I do hope you will enjoy today, as I intend to, and that you will do it with love in your heart. Memorial Day is tomorrow, and I will remember all my loved ones who have gone before me. Their number increases with each year, but that's the way it's supposed to be. It doesn't stop me from loving them, that's for sure. Please remember to take care of yourself as well, as you are cherished by friends near and far. Until we meet again next week, I wish you all good things.


Marie Smith said...

A cousin noted on social media today that she still talks out loud to her parents though they are long gone. I do too. Many others commented the same. Those long gone are just a thought, word, or song, away.

gigi-hawaii said...

And I wish you good things, too. Enjoy your Sunday.

John's Island said...

"I check the Astronomy Picture of the Day on a regular basis. Looking at the cosmos, where our little Earth is a tiny pinprick in a tiny galaxy among the immensity, helps me place my concerns into a larger context." This is excellent and thank you. I usually start the day by checking my emails. I think I will change that. I have bookmarked the Astronomy Picture of the Day and think I'll take a look there first. I wish you and SG a good day and week ahead!

William Kendall said...

The stars put things into perspective.

Elephant's Child said...

I hear you on frequently being distressed about things I cannot alter.
You look to the stars for comfort, and I look to nature. Long may they help both of us.
Have a wonderful week dear DJan. You are hugely important to me.

Red said...

You worked the song into the theme of your post. For the most cases what ever will happen will happen. I think we do have control over some parts of our life. I think we can be an influence on what happens on this earth. we have to work at changing the big things.

Linda Myers said...

I'm powerless over most things and for some reason I'm usually able to let them go. There are two things I can do, though: volunteer (with refugees and asylum seekers, most recently) and vote.

Linda Reeder said...

The day is done now. I struggled all day with a technology problem that has left me disgruntled, but an evening walk wiht my partner has helped. I plan to make tomorrow a normal day. Normalcy helps.

Rita said...

So glad you and your SIL have connected so well. Having her some to stay every year will be something to look forward to. :)

I hadn't heard about Doris Day's passing. She always seemed like such a kind woman. I knew of her love of animals. That's a marvelous song to have in your head.

I get myself worked up into knots sometimes, too, over those same things you mention that I can't do much about, either. I know that we can only do whatever we are able to do in our own backyard, so to speak. The bigger picture really does help. And I remind myself that if I am all wound up in those knots then I am sending out negative energy...and I don't want to do that. (A lot of reminding the past couple years!) :)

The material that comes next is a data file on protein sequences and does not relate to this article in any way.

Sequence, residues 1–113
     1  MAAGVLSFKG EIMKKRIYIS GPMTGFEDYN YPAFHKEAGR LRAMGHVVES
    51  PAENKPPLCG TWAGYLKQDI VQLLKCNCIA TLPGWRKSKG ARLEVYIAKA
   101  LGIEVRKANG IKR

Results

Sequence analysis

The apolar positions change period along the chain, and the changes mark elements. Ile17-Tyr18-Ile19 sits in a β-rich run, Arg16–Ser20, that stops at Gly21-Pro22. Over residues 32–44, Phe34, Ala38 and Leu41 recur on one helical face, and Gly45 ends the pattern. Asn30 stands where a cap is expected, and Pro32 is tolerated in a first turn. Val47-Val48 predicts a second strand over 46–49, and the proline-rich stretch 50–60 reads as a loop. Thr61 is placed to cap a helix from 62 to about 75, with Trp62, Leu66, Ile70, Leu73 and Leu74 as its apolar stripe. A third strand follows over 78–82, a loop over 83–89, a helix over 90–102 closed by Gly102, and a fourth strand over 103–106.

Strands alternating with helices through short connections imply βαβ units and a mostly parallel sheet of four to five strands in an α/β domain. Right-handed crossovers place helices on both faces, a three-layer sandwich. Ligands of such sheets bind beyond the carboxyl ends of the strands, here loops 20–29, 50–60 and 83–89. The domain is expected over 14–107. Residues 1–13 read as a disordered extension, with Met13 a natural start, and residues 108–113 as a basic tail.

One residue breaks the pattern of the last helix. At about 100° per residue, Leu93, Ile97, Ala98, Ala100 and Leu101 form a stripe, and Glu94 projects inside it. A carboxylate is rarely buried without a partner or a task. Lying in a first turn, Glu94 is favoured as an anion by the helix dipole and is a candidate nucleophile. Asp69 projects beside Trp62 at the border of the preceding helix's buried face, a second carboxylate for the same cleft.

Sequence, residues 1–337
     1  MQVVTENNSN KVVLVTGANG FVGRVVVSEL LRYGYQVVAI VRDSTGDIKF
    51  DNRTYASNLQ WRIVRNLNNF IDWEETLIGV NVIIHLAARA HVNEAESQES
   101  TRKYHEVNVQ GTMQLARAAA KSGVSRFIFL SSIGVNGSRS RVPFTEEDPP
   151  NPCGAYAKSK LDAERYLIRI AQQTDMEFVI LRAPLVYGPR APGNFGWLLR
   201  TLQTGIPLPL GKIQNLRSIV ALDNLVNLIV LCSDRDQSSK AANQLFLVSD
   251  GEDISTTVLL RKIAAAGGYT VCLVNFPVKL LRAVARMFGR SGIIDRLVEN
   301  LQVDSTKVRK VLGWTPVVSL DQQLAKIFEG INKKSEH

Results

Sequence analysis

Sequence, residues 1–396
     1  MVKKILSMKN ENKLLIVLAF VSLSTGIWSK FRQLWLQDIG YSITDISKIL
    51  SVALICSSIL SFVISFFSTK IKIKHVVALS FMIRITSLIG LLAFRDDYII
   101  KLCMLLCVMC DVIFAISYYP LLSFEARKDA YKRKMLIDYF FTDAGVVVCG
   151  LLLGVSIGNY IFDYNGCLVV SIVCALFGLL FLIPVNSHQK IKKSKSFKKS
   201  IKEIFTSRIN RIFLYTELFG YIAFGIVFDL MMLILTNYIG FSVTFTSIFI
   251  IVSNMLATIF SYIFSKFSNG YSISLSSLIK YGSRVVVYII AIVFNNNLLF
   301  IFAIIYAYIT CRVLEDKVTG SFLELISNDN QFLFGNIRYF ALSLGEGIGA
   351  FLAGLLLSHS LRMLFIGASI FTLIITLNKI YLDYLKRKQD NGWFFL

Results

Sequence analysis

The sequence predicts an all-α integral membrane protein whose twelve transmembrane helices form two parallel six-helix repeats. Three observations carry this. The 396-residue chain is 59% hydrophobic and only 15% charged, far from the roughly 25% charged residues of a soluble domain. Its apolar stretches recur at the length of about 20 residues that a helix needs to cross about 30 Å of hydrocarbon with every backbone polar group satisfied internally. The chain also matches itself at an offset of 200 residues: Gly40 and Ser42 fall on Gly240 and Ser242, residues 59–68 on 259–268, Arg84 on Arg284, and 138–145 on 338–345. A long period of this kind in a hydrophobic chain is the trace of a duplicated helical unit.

Arkansas Patti said...

As soon as I read your title, that song was in my head and will probably be there for a while. I too admired Doris Day, especially her love for animals.
It is easy to get all knotty about what is going on today but there are times in history that were much worse and we managed to survive. The bad part is that with all the outlets for the news, it is harder to escape the horrors today. I keep saying I will ignore the news but it is like a train wreck, hard to look away. We will survive and hopefully thrive, that is my hope.

Friko said...

More or less every day I remind myself not to mind so much about the world as it is now. Maybe shut off the news occasionally or pursue only pleasurable things, like tiring myself in the garden or reading an uplifting book. I don’t often succeed, nasty world events have a habit of intruding. Perhaps it’s enough if we try in our small way to make what difference we can?

Trish MacGregor said...

Taking the long view is something at which Sadges excel! Lovely post.

Far Side of Fifty said...

Good to hear you had a good visit with your sister in law! Hope she comes back soon.
When I heard that Doris Day was 97 I could hardly believe it...yes I thought of that song too and can see her singing it! I loved how spunky she was!
I hope you can find a way to relax and let what will be...I know it is hard :)

likeschocolate said...

Yes, it was hard to hear that Doris Day died. She was such a wonderful actress! She did have a long life and I hope it was a wonderful reunion with her family up above.

Hilary said...

I needed to be reminded of that....that we cannot see or change the future...........struggling with that a bit right now.

Spare Parts and Pics said...

Thank you for this uplifting post. A great way to start MY day!